While many artists prefer to record the songs they write themselves, this is not always the case, and have another sometimes more known artist record a version of your song can be a lucrative opportunity. Here we look at the best way to pitch such a song to a potential 'buyer'.
Guest post by Chelsea Ira of the TuneCore Blog
[Editors Note: This article was written by Chelsea Ira.]
There are a lot of revenue streams available to songwriters, but today let’s focus on getting your songs cut by recording artists. This is something you see a lot in songwriter-hubs like Nashville, but you can pursue this kind of publishing income from anywhere, even if you’re just starting to make a name for yourself as a songwriter.
Today, I’m going to cover a few best practices that will help you move up in the songwriting industry. The world of songwriting can notoriously feel pretty closed off, so I’m going to focus on a few tips that will help you get your foot in the door.
Pitching Your Song – What Does it Mean?
Okay, first thing’s first, what does it actually mean to pitch your song to recording artists? Essentially, you (the songwriter) are licensing your song to a recording artist – you’re granting them the right to record and release your song in exchange for some payment.
Of course, in most cases this is a license, so you still own the song. That means, in addition to the publishing income, you’ll also get backend performance royalties any time their recording is played in public. In other words, this is something that can become a great source of recurring income.
1. Start Small and Climb the Ladder
Every songwriter dreams of getting their songs cut by some big-time recording artist. And while a big goal like that is an awesome thing to strive for, it may not be the best place to start. I want to avoid the “big break” mentality and instead focus on building up to success one-step at a time.
Let’s think about the numbers here… an extremely popular recording artist might get thousands of song pitches as they’re gearing up to release a new album. Going by statistics alone, standing out in that stack of songs is extremely difficult (especially if you have no connections to give you a recommendation).
It’s easy to get discouraged in these kinds of situations, and those little rejections can really slow down your momentum and your confidence.
Instead, let’s start small and build up little wins that will get your name (and your songs) out in the industry!
Do some research and target some smaller, up-and-coming recording artists and bands and pitch your songs to them. These guys are always looking for a great song that will get them noticed and if they start breaking into the bigger league with your song, your music is going to start getting attention from other recording artists and labels. It’s a win-win.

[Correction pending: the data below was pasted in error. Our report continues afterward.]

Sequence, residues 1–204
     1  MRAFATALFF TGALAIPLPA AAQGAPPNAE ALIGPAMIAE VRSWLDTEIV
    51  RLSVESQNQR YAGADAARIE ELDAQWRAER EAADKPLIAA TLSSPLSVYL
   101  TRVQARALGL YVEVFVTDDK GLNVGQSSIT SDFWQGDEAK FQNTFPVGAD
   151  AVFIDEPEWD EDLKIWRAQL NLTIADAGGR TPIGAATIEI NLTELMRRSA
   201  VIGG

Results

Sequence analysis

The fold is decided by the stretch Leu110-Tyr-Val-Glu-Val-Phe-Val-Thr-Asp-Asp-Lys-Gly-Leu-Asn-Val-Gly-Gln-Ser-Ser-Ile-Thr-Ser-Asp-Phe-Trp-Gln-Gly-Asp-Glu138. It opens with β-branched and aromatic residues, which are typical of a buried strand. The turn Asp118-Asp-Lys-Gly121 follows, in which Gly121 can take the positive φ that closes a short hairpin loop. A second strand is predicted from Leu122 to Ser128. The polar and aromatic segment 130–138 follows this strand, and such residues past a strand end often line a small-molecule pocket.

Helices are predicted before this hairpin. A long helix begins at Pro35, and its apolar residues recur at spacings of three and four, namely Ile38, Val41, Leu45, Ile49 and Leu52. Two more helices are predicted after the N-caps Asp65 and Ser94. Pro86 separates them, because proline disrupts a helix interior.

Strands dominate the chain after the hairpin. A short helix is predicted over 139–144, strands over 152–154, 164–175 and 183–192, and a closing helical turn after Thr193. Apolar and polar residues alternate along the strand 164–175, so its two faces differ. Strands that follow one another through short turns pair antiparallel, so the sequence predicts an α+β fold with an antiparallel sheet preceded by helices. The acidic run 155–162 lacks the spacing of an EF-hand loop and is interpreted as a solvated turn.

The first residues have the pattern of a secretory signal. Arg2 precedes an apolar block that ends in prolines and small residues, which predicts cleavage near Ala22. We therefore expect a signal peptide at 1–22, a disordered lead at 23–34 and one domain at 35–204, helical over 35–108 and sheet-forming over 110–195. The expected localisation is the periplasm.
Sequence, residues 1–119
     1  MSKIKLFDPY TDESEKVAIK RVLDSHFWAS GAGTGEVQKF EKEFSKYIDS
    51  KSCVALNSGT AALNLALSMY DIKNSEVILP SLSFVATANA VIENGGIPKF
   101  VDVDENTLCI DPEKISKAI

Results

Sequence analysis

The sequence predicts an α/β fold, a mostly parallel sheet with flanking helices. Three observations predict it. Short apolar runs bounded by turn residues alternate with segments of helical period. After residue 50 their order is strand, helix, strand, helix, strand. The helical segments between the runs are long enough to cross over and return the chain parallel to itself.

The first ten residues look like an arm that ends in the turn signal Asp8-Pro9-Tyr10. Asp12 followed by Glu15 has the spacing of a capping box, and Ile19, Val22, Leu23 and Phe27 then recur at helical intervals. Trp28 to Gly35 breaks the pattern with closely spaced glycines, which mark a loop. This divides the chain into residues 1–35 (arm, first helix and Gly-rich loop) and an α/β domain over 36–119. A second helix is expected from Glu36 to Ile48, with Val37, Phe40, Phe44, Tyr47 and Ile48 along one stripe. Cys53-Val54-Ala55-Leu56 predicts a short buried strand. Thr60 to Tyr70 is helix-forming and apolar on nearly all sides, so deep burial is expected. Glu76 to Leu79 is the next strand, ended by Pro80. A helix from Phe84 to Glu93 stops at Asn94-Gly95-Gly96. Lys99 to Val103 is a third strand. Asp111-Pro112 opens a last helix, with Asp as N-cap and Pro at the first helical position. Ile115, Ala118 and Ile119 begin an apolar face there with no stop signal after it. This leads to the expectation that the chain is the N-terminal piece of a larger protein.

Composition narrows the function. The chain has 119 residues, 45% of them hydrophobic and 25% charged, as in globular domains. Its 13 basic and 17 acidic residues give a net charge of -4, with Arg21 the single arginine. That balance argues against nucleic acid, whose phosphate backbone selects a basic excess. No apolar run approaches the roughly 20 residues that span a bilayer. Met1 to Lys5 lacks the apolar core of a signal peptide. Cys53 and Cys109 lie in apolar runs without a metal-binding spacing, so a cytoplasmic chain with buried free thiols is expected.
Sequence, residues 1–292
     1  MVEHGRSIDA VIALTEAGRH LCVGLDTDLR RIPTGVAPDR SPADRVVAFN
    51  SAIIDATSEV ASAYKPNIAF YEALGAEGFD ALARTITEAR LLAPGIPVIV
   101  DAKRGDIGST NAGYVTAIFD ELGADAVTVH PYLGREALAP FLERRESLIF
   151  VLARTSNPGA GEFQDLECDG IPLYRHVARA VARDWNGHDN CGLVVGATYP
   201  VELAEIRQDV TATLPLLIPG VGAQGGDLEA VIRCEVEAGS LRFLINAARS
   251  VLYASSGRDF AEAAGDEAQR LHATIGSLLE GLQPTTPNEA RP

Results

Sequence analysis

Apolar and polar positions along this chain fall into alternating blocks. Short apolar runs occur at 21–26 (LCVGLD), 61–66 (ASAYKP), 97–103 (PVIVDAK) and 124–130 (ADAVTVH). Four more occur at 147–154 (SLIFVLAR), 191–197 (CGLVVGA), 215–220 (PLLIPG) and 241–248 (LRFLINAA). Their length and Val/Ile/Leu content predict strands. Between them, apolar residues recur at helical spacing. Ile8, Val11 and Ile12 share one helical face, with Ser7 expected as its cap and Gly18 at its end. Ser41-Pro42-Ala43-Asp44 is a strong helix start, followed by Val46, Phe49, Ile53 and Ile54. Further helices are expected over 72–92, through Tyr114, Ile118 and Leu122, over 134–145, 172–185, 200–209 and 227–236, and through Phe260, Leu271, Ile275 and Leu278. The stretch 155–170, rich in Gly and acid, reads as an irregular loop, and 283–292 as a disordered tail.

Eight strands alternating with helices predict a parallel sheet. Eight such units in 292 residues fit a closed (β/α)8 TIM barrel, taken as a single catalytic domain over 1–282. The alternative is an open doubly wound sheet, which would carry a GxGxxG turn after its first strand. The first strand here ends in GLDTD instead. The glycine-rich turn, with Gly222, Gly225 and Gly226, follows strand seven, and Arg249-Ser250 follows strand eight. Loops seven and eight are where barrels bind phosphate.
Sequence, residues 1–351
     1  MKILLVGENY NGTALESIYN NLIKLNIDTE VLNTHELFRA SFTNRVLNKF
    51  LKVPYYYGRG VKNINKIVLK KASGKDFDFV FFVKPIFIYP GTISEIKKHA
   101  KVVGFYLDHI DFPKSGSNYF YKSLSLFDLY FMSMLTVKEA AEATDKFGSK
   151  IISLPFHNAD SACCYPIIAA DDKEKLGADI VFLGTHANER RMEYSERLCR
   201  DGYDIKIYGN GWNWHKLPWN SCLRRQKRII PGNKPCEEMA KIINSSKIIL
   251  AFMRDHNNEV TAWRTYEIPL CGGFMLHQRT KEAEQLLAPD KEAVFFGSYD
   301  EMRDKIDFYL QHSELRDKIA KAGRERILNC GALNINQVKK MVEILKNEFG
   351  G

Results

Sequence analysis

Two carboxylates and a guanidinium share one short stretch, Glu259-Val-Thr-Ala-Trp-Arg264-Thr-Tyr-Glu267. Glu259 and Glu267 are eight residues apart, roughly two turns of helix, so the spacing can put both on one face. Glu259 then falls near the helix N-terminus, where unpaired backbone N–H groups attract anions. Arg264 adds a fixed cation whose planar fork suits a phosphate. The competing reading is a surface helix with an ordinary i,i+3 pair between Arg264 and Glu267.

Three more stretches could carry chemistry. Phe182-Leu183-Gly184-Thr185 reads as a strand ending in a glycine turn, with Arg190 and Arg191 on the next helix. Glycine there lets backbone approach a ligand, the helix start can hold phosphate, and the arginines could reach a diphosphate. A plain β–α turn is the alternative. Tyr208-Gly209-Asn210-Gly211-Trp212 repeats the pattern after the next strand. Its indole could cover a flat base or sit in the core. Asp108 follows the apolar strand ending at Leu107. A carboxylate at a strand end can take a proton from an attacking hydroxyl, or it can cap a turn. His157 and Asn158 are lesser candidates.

Of course, you have your reputation as a songwriter to consider as well, so really spend a lot of time on the research phase. You want to find musicians and bands that are dedicated and in it for the long run. Plus you need to make sure they will do your song justice.
2. Build Your Network
I think this point can often be overlooked, but as a songwriter you may not have a typical artist-fan structure for your career. Instead, you’re pitching your songs directly to recording artists and publishers should you choose to work with one – almost in more of a B2B (business to business) format. And that means, your network and your connections are everything.
A great way to build your web of connections in the publishing industry is to co-write with other songwriters. I know, you ultimately want to get to publishers and recording artists, but your relationships with songwriters can be a gateway to those connections.
You need to make sure your rights to any co-written song are protected, and for that, we recommend filling out a split sheet. A split sheet is a simple document that you and your co-writers fill out for each song you write together. It includes basic information like percentage ownership, PRO and publisher affiliation, and contact information. Most labels will want this kind of information before they move forward with any song, so it’s best to have everything down on paper from the start.
3. Relevancy is Key
Most recording artists want to use songs they can personally relate to – both musically and lyrically. Simply put, a pop singer probably won’t want to record a country song about growing up on a farm in Montana when her childhood was spent in busy New York. Relevancy is key.
With this in mind, it’s best to know as much as you can about the recording artists you want to pitch. Do your research, know their musical style, become familiar with their catalog of recordings, read interviews, and check out their bio to see if you have a song that might be a good fit.
When in doubt, opt for songs that deal with more universal themes that anyone can relate to – you know, love, loss, relationships, struggle.
If you think you have some songs with potential, only send those tracks along. A targeted, well-thought-out pitch will have a much bigger impact than spamming them with your whole catalog.
Chelsea Ira is the Director of Marketing at New Artist Model.